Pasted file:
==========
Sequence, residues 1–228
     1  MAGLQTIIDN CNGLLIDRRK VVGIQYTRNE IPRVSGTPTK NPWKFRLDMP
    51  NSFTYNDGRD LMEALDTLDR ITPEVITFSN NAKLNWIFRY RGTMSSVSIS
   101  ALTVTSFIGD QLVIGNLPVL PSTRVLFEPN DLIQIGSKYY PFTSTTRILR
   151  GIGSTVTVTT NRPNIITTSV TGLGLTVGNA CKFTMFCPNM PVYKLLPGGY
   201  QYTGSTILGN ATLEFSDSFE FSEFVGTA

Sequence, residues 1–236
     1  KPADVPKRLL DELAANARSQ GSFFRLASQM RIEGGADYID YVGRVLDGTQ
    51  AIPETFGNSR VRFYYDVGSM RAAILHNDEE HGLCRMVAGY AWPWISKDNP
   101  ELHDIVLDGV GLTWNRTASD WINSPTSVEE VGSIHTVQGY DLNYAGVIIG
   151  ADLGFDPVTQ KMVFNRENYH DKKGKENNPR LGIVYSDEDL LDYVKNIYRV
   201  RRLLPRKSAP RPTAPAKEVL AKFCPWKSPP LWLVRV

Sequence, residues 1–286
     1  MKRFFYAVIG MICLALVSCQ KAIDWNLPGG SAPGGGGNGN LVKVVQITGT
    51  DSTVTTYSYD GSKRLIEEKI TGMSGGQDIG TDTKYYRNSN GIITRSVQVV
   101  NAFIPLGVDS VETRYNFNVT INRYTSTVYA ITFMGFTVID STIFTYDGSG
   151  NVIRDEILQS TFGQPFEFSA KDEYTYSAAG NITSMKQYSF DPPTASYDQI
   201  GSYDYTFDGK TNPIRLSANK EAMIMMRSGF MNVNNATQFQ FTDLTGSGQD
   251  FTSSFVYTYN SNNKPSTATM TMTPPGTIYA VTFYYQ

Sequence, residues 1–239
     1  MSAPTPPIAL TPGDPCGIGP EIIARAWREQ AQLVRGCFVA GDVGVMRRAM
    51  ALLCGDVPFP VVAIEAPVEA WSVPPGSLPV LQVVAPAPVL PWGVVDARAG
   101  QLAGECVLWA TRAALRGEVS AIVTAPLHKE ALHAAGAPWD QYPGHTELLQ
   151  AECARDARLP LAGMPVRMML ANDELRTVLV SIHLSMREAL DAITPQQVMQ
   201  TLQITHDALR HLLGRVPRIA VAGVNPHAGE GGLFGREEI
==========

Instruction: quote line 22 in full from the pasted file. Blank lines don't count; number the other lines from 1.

    51  ALLCGDVPFP VVAIEAPVEA WSVPPGSLPV LQVVAPAPVL PWGVVDARAG